Monday, April 19, 2010

Diehl Deals Obama an Open Hand

But will Obama play?

Can he?

Excerpts from A Mideast opportunity Obama shouldn't ignore by Jackson Diehl

The United States faces three big strategic challenges in the Middle East. One is the threat of Iran. The second is the Israeli-Palestinian conflict. And the third is the corrupt and crumbling Arab autocracies of Egypt, Saudi Arabia, Yemen and half a dozen other states, which fuel Islamic extremism...

...In the Middle East, the conditions on the ground make a comprehensive Arab-Israeli peace settlement impossible to accomplish in the short term...The Obama administration is pressing ahead on the first two issues, setting impossibly ambitious goals and ignoring the unfavorable conditions. And it has put on a distant back burner the one place where opportunity beckons.

That would be Egypt...Here is a real chance for groundbreaking change in the homeland of Mohamed Atta and Ayman al-Zawahiri. As happened before democratic transitions in other countries, there is a strong public movement with responsible leadership making reasonable demands. American leverage, including $2 billion in annual aid, is powerful...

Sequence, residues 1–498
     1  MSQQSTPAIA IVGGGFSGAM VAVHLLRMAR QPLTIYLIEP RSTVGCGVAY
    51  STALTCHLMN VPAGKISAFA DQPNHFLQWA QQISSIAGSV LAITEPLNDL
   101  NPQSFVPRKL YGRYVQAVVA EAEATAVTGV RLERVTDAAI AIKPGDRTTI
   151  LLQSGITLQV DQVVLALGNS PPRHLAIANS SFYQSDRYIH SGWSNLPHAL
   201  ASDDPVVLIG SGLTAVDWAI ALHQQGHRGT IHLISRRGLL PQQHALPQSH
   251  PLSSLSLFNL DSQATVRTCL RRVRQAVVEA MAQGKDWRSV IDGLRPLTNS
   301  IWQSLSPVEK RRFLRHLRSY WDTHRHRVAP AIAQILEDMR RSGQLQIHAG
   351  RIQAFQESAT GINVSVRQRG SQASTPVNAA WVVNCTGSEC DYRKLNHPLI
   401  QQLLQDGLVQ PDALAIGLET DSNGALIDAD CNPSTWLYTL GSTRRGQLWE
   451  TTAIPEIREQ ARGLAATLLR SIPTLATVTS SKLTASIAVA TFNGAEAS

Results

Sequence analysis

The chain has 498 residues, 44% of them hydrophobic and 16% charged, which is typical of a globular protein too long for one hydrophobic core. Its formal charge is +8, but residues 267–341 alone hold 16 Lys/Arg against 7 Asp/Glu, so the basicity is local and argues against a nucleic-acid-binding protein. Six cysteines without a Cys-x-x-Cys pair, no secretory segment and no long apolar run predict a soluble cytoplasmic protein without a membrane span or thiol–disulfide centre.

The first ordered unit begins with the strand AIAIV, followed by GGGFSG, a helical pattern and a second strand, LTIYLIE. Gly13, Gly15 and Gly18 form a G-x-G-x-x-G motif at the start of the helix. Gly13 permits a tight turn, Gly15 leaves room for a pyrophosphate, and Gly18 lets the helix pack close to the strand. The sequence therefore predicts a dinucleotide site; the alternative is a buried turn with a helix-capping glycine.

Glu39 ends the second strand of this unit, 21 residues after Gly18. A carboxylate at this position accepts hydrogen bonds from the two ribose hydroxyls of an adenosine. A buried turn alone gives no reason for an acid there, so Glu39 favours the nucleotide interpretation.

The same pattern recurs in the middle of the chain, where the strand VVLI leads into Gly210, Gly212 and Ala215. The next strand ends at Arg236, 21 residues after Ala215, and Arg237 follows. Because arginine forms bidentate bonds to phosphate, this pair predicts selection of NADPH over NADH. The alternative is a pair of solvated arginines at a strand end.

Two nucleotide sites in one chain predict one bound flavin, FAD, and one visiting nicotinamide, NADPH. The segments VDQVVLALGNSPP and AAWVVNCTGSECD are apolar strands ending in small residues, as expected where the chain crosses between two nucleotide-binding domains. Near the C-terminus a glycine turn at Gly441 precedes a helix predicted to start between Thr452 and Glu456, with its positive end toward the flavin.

...There are some in the administration who can see the opportunity. But Obama and Secretary of State Hillary Rodham Clinton have shown almost no interest...Instead, Obama has focused most of his personal energy and diplomatic capital on the Arab-Israeli conundrum -- where, for a variety of reasons, there is no immediate opportunity...the president has persisted; he arrived in office imbued with a passion to promote an Israeli-Palestinian settlement and so disregards the bad timing...

...the president, according to my colleague David Ignatius, is seriously considering putting forward a comprehensive U.S. plan for an Israeli-Arab peace, at the urging of some internal and outside advisers. That would...invite a diplomatic disaster. It would also bypass the real chance for change in Egypt.

This is not to say that Obama should abandon all diplomacy on Middle East peace or Iran. Incremental progress is possible, and should be pursued. But the big challenge for the president is to set aside his preconceived notions about what big thing he can or should accomplish in the region -- and seize the opportunity that is actually before him.

Not bad an analysis.

Not bad at all.

Of course, no American President will touch Egypt - that corrupt, one-party, non-democratic dictatorship. And Saudi Arabia?

Israel is such a better target.

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